EXCLUSIVE: Ex-pat travels from Spain to help Ukrainian refugees

Exclusive: From Spain to help refugees of Ukraine

Exclusive: From Spain to help refugees of Ukraine. Image - Albion Land

Albion Land spent a week planning his trip to volunteer helping the people fleeing war-torn Ukraine and another two weeks in Romania on the border of Ukraine. He told the Euro Weekly News his story.

Like the majority of us watching the horrific crimes of Russian President Vladimir Putin unfold, the Florida native now living in Albondón in Granada, was “shocked and appalled” and felt compelled to help the refugees. His journey began with a Facebook post, which saw dozens of people offering him housing and a warm bed or giving him concrete suggestions of how to help.

Albion, a 71-year-old retired journalist, had been joking with friends about the foreign legion of fighters heading off to help Ukraine defend itself when he was inspired to do something “hands-on.”

Exclusive: From Spain to help refugees of Ukraine
Albion with volunteers. Image – Albion Land

“I decided I wanted to do something physical, to actually go there, rather than just send money.”

Local people in Spain and friends in the States funded his entire trip through donations, with the staff of a local bar even donating their tips – €200. Albion travelled to Romania, where he stayed with another volunteer, Corneliu Furman, who lives near the Ukrainian border and had offered him a place to stay.

Albion said: “Corneliu is not part of any organisation; he is an individual who wants to help, offering transport, accommodation and food to refugees. There are many people doing this.”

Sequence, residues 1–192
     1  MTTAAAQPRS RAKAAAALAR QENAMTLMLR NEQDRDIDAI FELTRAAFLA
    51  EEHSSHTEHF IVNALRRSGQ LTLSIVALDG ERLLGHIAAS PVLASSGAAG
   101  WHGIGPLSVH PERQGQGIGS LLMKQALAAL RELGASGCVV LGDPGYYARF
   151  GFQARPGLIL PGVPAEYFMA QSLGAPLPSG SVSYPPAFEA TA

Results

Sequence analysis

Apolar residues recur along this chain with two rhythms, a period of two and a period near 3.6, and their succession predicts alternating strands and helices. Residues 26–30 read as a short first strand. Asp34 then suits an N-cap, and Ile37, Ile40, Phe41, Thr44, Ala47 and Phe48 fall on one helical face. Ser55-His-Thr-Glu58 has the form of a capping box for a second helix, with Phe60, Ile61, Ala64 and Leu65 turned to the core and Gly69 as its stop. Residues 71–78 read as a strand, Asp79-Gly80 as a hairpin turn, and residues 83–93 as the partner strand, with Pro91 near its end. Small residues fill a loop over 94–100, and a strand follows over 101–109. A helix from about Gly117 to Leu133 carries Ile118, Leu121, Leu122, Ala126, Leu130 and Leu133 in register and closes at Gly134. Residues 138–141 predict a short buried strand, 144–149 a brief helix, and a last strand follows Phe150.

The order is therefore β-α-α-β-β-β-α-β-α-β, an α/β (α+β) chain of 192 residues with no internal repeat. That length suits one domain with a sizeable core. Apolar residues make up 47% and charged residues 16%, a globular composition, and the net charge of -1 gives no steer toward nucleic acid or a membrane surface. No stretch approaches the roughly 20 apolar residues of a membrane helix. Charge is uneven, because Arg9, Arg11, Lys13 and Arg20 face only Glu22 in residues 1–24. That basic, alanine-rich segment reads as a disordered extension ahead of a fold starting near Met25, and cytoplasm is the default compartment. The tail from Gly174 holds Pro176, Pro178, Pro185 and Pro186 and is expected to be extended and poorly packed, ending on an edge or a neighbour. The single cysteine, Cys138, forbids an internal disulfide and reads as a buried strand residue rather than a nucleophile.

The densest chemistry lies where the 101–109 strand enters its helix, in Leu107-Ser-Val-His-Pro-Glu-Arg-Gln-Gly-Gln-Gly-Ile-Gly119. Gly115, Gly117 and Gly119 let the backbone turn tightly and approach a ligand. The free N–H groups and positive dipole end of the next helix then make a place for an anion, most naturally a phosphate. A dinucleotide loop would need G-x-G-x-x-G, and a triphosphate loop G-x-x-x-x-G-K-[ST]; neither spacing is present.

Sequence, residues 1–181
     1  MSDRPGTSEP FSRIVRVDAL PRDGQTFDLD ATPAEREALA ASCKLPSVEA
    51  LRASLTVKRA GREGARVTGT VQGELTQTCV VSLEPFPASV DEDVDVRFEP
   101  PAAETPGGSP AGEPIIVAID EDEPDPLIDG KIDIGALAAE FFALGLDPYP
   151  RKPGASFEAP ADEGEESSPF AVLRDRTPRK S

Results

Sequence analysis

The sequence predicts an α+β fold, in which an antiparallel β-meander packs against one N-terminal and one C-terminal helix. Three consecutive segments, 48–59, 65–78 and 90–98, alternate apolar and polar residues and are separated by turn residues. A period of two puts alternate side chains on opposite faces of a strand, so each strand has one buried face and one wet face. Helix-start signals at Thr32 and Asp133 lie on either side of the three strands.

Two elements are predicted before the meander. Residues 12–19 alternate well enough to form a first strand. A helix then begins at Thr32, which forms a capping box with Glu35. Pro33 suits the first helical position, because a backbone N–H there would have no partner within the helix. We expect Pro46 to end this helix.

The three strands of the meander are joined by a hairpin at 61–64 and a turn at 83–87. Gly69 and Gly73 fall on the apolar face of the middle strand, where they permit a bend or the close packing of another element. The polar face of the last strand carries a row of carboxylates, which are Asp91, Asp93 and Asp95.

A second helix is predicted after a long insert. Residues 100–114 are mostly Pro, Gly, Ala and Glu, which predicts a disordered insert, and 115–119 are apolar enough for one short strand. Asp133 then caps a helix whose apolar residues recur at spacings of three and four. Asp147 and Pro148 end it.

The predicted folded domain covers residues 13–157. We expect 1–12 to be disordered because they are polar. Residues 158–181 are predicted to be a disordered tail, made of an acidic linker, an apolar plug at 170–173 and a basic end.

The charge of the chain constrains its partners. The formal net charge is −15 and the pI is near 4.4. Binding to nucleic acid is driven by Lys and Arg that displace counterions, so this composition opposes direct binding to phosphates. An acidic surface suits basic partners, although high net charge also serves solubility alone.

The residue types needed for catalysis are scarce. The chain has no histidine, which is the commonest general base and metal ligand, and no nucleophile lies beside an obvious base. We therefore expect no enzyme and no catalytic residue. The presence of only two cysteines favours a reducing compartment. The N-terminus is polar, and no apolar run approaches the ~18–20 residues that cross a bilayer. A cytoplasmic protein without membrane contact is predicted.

Exclusive: From Spain to help refugees of Ukraine
Albion with Corneliu. Image – Albion Land

Arriving on March 17, Albion spent time volunteering with the Orthodox archdiocese at Suceava train station, where most of the refugees pass through, picking up food, clothing, medicines and other necessities. Albion said: “It is an incredible set-up. The Romanian Fire Brigade transports the steady flow of refugees the 40km from the border. From there, most travelled to Bucharest on the train and ride for free.”

“I also volunteered at the border, where I worked with more priests, monks and laypeople. Women were carrying children and picking up baby supplies. Some people even brought their pets, mainly dogs, and agencies like Save the Children and the Red Cross are there. There is also a Jewish charity serving hot soup and a Turkish kebab stall, both very popular with refugees and volunteers alike!”

Exclusive: From Spain to help refugees of Ukraine
Volunteers at the border. Image – Albion Land

When asked about some of the folks he worked with, Albion said: “I met a Ukrainian-American called Svetlana Tikhonov. She volunteered at the train station and has also been fundraising to provide food, medicines and clothing to ship to Ukraine. One of the most shocking things I found out was that she recently had to buy body armour because the Russians have been trying to kill aid workers.”

When asked how he felt about his experience, Albion said: “I was touched by the Romanians’ generosity and by the spirit of the refugees. They were grateful for even the smallest things, and it wasn’t hard to get a smile or even a little laugh from them.”

Exclusive: From Spain to help refugees of Ukraine
Albion with volunteers. Image – Albion Land

Find out more about Corneliu Furman and donate to his work click here or here

Find out more about Svetlana Tikhonov and donate click here

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Written by

Laura Kemp

Originally from UK, Laura is based in Axarquia and is a writer for the Euro Weekly News covering news and features. Got a news story you want to share? Then get in touch at editorial@euroweeklynews.com.


    • Alison kemp

      05 April 2022 • 12:21

      What a lovely story and a lovely man.

    • Corneliu Nicolae Furman

      05 April 2022 • 18:56

      Thank You fir the article and thank Albion for his help in Romania. It was a real pleasure to work with him.
      I just want to say that the link at the end of the article goes to my old page, which is locked and I can’t even delete it.
      My page on fb is Corneliu Zis-Muzeul Furman, and the family NGO (for transparency and legal purposes) is Asociaţia Cultural Rurală a Muzeului Furman.

    Comments are closed.